An oil spill in the Gulf of Mexico began to trickle deeper into Louisiana's coastland on Tuesday, and tar balls have begun to wash onshore in Texas.
Oil sheen and tar balls from the Deepwater Horizon undersea gusher have been spotted in Lake Pontchartrain, the huge lake forming the northern boundary of the city that was rescued in the 1990s from rampant pollution.
In Texas, officials questioned whether almost 20 litres of the stuff came naturally on the currents or was dragged by a passing ship from elsewhere, but crews combed the beach and pledged to collect damages from BP.
Meanwhile out in the Gulf, stormy conditions have delayed the hookup of a new containment vessel, the Helix Producer, to the cap collecting oil from the gushing wellhead on the seafloor. Officials had originally hoped to connect it on Wednesday.
A new target date hasn't been announced.
The weather also delayed the arrival of a navy airship that will serve as a floating observation post above the Gulf. It is now expected to arrive in Mobile, Ala., on Friday.
The spill's Joint Incident Command announced Monday that sheen and tar balls had been spotted in the Rigolets, one of the waterways connecting Lake Pontchartrain to the Gulf, and in parts of the 1,632-square-kilometre lake itself.
Crews placed boom at a natural choke point with hopes of stopping more from entering the lake. Nineteen skimmers and four containment vessels were sent to the affected areas. As of 7:30 p.m. CT Monday, they had collected half a ton of tar balls and waste.
The main part of the lake remained open to fishing, but a chunk southeast of an old car bridge across the lake was closed.
Bad weather blamed
The oil could have been pushed deeper into southeastern Louisiana by the tropical weather that began last week with the Hurricane Alex, which made south of the Mexico-Texas border, and continued into this week with a low-level tropical system that brought high winds and heavy rain to the state.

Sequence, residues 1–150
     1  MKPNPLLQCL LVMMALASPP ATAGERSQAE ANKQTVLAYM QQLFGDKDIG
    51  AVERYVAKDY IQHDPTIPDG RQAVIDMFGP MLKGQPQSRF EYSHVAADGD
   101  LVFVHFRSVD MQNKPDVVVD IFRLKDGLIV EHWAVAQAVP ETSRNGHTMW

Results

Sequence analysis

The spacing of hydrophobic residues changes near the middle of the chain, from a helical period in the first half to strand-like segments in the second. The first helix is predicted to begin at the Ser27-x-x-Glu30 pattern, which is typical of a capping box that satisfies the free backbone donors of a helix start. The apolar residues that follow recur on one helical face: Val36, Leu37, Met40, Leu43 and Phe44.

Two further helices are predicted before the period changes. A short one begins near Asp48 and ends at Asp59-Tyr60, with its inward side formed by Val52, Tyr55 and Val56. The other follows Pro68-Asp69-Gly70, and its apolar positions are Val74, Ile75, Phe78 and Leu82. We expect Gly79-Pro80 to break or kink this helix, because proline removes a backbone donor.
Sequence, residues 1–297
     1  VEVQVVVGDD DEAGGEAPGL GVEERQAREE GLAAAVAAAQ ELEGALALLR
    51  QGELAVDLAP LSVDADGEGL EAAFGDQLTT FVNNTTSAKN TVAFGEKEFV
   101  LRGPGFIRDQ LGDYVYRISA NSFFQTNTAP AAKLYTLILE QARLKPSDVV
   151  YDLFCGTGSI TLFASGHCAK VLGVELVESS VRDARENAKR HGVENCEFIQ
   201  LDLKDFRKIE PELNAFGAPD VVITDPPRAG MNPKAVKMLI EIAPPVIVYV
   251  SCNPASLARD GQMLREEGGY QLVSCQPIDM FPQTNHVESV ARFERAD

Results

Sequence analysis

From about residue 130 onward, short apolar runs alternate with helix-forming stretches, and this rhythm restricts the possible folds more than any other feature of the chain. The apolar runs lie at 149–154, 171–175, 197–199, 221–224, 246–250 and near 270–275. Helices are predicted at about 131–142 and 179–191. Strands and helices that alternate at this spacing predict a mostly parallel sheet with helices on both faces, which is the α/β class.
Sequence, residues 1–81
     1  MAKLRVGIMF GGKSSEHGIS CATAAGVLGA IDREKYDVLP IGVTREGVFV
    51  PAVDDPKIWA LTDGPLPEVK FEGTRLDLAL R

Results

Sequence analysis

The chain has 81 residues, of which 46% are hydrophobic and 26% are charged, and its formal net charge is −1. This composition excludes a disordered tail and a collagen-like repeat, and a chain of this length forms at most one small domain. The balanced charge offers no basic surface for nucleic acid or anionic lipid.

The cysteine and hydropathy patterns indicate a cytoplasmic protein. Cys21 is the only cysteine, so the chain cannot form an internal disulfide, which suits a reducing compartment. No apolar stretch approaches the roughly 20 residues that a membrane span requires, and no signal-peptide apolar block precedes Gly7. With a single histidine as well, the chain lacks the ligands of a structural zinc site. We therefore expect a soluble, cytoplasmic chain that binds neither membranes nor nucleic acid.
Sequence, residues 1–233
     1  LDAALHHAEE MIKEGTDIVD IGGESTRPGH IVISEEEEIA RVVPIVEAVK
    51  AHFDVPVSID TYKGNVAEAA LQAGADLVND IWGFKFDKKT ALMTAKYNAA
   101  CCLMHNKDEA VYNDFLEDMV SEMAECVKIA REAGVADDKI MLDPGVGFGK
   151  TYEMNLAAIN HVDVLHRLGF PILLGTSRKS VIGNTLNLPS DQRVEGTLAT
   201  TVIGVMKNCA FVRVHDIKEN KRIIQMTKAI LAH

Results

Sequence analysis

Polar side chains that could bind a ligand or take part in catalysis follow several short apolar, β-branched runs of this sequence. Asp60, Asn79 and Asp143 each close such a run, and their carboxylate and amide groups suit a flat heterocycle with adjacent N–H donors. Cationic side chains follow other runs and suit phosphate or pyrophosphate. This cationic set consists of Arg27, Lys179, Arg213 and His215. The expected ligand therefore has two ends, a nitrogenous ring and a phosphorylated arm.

The weather has essentially stopped offshore skimming off Mississippi, Alabama and Florida, and curtailed it off Louisiana.
Skimming across the Gulf has scooped up about 90 million litres of oil-fouled water so far, but officials say it's impossible to know how much crude could have been sucked up in good weather because of the fluctuating number of boats at work and other variables.
The oil's arrival in Texas was predicted Friday by an analysis from the National Oceanic and Atmospheric Administration, which gave a 40 per cent chance of crude reaching the area.
"It was just a matter of time that some of the oil would find its way to Texas," said Hans Graber, a marine physicist at the University of Miami and co-director of the Center for Southeastern Tropical Advanced Remote Sensing.
Source of tar balls questioned
About 20 litres of tar balls were found Saturday on the Bolivar Peninsula northeast of Galveston, said Capt. Marcus Woodring, the U.S. Coast Guard commander for the Houston/Galveston sector. Seven more litres were found Sunday on the peninsula and Galveston Island.
Woodring said the consistency of the tar balls indicates they could have been spread to Texas water by ships that have worked out in the spill. But there's no way to confirm how they got there.
Galveston Mayor Joe Jaworski said he believed the tar balls were a fluke, rather than a sign of more to come.
"This is good news," he said. "The water looks good. We're cautiously optimistic this is an anomaly."
NOAA scientists are looking at local weather, Hurricane Alex and Gulf vessels as possible causes for the arrival of the tar balls, agency spokeswoman Monica Allen said Monday.
The distance between the western reach of the tar balls in Texas and the most eastern reports of oil in Florida is about 885 kilometres. Oil was first spotted on land near the mouth of the Mississippi River on April 29.